We come now to the second kind of truth—commended to the Christian under the notion of the soldier’s girdle—and that is, truth of heart. Where it would be known, First. What I mean by truth of heart. Second. Why truth of heart is compared to a girdle.
First. What I mean by truth of heart. By truth of heart, I understand sincerity, so taken in Scripture, ‘Let us draw near with a true heart,’ that is, with a sincere heart, Heb. 10.22. We have them oft conjoined, the one explaining the other: ‘Fear the Lord, and serve him with sincerity and truth,’ Joshua 24:14. We read of ‘the unleavened bread of sincerity and truth,’ I Cor. 5:8. Hypocrisy is a lie with a fair cover over it. An insincere heart is a half heart. The inward frame and motion of the heart comports not with the profession and behaviour of the outward man, like a clock, whose wheels within go not as the hand points without.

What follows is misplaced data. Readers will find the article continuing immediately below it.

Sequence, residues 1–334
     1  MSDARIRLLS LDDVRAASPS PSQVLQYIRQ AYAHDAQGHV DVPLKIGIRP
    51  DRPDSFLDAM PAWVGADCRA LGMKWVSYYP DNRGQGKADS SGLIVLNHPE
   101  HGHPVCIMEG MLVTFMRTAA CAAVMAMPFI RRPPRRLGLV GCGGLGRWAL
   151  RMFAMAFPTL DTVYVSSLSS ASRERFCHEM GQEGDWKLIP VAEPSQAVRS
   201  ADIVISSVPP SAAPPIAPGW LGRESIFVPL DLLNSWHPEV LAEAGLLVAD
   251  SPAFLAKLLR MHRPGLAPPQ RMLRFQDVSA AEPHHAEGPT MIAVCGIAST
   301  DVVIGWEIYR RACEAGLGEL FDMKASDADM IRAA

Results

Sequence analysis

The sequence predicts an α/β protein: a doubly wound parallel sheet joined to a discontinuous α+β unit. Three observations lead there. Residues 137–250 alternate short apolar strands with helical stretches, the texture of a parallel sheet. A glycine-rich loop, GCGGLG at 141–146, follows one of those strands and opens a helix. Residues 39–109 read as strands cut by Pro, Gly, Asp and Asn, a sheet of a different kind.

Second. Why truth of heart is compared to a girdle. Sincerity, or truth of heart, may fitly be compared to a girdle, in regard of the twofold use and end for which a girdle, especially a soldier’s belt, is worn.
First. The girdle is used as an ornament put on uppermost, to cover the joints of the armour, which would, if seen, cause some uncomeliness. Here—at the loins I mean—those pieces of armour for the defence of the lower parts of the body are fastened to the upper. Now because they cannot be so closely knit and clasped, but there will be some little gaping betwixt piece and piece, therefore they used to put over those parts a broad girdle, that covered all that uncomeliness. Now, sincerity doth the same for the Christian, that the girdle doth for the soldier. The saint’s graces are not so close, nor his life so exact, but in the best there are found infirmities and defects, which are as so many gapings and clefts in his armour, but sincerity covers all, that he is neither put to shame for them, nor exposed to danger by them.